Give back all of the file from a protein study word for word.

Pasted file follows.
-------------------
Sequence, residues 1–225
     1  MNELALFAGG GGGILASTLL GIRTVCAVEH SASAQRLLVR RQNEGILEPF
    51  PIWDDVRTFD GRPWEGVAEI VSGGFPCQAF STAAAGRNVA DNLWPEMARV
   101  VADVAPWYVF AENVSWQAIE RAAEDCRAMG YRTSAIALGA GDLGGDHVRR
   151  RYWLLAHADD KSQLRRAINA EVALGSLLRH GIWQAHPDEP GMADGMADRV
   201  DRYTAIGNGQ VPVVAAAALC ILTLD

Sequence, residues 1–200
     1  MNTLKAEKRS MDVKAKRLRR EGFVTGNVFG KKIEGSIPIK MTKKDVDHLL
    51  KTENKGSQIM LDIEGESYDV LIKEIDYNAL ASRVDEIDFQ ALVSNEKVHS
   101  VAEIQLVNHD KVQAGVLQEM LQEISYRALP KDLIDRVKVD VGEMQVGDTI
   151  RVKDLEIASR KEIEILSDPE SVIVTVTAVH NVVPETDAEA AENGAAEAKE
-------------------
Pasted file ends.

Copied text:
Sequence, residues 1–225
     1  MNELALFAGG GGGILASTLL GIRTVCAVEH SASAQRLLVR RQNEGILEPF
    51  PIWDDVRTFD GRPWEGVAEI VSGGFPCQAF STAAAGRNVA DNLWPEMARV
   101  VADVAPWYVF AENVSWQAIE RAAEDCRAMG YRTSAIALGA GDLGGDHVRR
   151  RYWLLAHADD KSQLRRAINA EVALGSLLRH GIWQAHPDEP GMADGMADRV
   201  DRYTAIGNGQ VPVVAAAALC ILTLD

Sequence, residues 1–200
     1  MNTLKAEKRS MDVKAKRLRR EGFVTGNVFG KKIEGSIPIK MTKKDVDHLL
    51  KTENKGSQIM LDIEGESYDV LIKEIDYNAL ASRVDEIDFQ ALVSNEKVHS
   101  VAEIQLVNHD KVQAGVLQEM LQEISYRALP KDLIDRVKVD VGEMQVGDTI
   151  RVKDLEIASR KEIEILSDPE SVIVTVTAVH NVVPETDAEA AENGAAEAKE